The mainstream colonial lenses that have been used to understand multilingualism in the peripheries may not account for the realities of Southern multilingualisms. This article takes up these epistemic challenges in navigating EMI through alternative lenses, aiming to complexify the discussion of EMI among young individuals who are engaged in linguistically mixed practices. This study seeks to bring different levels of onto-linguistic convolution in investigating EMI within the mixed linguistic phenomena of Morocco as an African periphery that is under-researched in the mainstream literature. This qualitative research draws on in-depth interviews with 20 students from an English medium high school in Rabat, to examine how students make use of EMI in relation to other linguistic resources available in secondary education, and how EMI contributes to recognizing and/or invisibilizing their linguistic, cultural, and epistemic identities. Findings revealed that students perceive the dynamics among languages to be fluid at the surface, but they are indeed wedded to logics of instrumentality. While students do not explicitly engage in counter-hegemonic agentic enactments, their agency in the classroom, on campus and at home seems to exemplify their collective performance of their linguistic, cultural, and political aspirations, hereby transcending their society’s historical struggles. Students note that Moroccans would need this multilingual capital to function within society, which implies that languages are used simultaneously with multiple convergences/intersections within education and society at large. Copyright © 2023 Informa UK Limited, trading as Taylor & Francis Group.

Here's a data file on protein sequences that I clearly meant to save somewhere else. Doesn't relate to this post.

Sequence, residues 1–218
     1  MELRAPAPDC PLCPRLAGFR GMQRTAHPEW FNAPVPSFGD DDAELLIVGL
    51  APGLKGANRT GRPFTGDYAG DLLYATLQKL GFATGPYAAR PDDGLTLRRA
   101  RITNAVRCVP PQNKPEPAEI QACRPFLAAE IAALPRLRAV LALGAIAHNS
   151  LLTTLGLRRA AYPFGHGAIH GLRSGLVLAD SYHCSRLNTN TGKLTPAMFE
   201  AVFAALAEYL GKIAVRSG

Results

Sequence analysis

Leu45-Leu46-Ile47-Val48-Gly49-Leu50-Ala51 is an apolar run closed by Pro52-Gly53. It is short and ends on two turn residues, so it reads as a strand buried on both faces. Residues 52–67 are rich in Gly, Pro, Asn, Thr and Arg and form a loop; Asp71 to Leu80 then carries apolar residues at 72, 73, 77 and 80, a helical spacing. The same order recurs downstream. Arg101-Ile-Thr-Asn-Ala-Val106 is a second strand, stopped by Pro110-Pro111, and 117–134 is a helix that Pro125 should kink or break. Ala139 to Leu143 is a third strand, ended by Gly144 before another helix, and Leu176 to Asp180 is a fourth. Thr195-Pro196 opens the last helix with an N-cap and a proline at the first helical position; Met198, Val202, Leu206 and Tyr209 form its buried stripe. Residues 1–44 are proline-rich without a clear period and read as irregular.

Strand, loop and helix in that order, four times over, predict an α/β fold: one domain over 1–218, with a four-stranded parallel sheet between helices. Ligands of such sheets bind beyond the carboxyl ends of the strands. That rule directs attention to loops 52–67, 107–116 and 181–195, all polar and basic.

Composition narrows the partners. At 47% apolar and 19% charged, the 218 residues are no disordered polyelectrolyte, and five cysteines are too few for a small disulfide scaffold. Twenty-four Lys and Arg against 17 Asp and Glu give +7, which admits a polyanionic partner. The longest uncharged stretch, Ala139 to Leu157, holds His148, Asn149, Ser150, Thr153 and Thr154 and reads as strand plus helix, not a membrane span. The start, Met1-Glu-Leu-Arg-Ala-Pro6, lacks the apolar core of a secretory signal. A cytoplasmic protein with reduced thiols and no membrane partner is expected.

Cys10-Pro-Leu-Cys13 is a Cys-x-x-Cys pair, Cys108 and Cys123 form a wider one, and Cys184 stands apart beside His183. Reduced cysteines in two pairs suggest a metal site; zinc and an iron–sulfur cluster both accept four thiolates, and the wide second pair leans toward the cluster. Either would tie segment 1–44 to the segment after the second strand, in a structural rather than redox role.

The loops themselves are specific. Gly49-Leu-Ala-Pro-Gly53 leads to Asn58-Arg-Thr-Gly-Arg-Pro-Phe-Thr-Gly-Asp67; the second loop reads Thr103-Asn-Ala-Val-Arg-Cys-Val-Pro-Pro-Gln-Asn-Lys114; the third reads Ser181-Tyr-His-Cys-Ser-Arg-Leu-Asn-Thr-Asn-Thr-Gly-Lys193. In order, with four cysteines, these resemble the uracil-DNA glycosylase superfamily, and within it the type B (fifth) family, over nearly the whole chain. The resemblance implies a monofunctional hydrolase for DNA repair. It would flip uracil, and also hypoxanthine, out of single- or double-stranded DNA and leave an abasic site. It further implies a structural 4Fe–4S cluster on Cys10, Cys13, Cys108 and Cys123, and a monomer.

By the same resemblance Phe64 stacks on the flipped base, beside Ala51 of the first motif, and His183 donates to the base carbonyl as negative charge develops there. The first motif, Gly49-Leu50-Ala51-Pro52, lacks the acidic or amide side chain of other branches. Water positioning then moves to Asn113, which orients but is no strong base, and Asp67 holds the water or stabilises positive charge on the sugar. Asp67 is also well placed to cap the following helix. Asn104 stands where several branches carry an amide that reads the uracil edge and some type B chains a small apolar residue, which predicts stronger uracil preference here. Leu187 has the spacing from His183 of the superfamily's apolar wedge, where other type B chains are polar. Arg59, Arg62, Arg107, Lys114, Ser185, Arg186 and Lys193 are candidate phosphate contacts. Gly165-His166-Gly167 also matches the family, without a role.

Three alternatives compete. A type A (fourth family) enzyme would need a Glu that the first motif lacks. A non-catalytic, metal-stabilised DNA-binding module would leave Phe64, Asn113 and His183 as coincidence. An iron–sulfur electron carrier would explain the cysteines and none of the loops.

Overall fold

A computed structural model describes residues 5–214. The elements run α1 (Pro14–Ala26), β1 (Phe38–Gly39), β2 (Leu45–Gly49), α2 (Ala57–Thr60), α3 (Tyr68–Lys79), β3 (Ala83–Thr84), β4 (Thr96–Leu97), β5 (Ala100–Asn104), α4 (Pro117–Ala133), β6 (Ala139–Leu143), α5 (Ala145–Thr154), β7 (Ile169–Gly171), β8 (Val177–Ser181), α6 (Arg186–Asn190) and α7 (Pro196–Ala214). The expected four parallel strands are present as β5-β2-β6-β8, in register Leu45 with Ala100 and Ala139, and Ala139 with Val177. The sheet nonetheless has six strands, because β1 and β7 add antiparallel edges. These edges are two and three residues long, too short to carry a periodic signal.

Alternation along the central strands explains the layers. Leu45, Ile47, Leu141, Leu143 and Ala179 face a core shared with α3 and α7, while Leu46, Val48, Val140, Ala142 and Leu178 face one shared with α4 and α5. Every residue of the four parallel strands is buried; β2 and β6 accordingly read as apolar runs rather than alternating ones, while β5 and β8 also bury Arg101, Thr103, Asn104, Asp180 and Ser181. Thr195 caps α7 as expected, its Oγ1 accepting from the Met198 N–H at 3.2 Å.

CitationR’boul, H., Belhiah, H., & Elhaffari, A. (2023). EMI in Moroccan high schools: Multilingualism or multiple monolingualisms, ambivalent linguistic identities, and language use. Language and Education. Advance online publication. https://doi.org/10.1080/09500782.2023.2244910
- English as a medium of instruction
- Linguistic identities
- Students’ perspectives
- The Global South